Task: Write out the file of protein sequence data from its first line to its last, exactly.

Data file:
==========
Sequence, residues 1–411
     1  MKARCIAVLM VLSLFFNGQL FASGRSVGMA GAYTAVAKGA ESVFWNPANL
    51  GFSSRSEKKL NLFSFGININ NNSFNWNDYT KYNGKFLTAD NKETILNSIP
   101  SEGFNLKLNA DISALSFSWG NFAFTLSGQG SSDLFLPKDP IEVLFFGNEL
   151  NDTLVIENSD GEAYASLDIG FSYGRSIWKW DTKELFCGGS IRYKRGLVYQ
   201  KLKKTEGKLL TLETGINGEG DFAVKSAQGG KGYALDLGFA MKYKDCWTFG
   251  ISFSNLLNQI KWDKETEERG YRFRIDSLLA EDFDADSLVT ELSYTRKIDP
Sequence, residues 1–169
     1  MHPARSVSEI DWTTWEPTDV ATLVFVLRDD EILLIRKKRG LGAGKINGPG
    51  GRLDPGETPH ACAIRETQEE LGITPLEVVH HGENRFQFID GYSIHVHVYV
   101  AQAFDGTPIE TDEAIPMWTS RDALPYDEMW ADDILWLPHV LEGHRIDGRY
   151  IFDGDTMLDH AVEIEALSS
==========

Sequence, residues 1–411
     1  MKARCIAVLM VLSLFFNGQL FASGRSVGMA GAYTAVAKGA ESVFWNPANL
    51  GFSSRSEKKL NLFSFGININ NNSFNWNDYT KYNGKFLTAD NKETILNSIP
   101  SEGFNLKLNA DISALSFSWG NFAFTLSGQG SSDLFLPKDP IEVLFFGNEL
   151  NDTLVIENSD GEAYASLDIG FSYGRSIWKW DTKELFCGGS IRYKRGLVYQ
   201  KLKKTEGKLL TLETGINGEG DFAVKSAQGG KGYALDLGFA MKYKDCWTFG
   251  ISFSNLLNQI KWDKETEERG YRFRIDSLLA EDFDADSLVT ELSYTRKIDP
Sequence, residues 1–169
     1  MHPARSVSEI DWTTWEPTDV ATLVFVLRDD EILLIRKKRG LGAGKINGPG
    51  GRLDPGETPH ACAIRETQEE LGITPLEVVH HGENRFQFID GYSIHVHVYV
   101  AQAFDGTPIE TDEAIPMWTS RDALPYDEMW ADDILWLPHV LEGHRIDGRY
   151  IFDGDTMLDH AVEIEALSS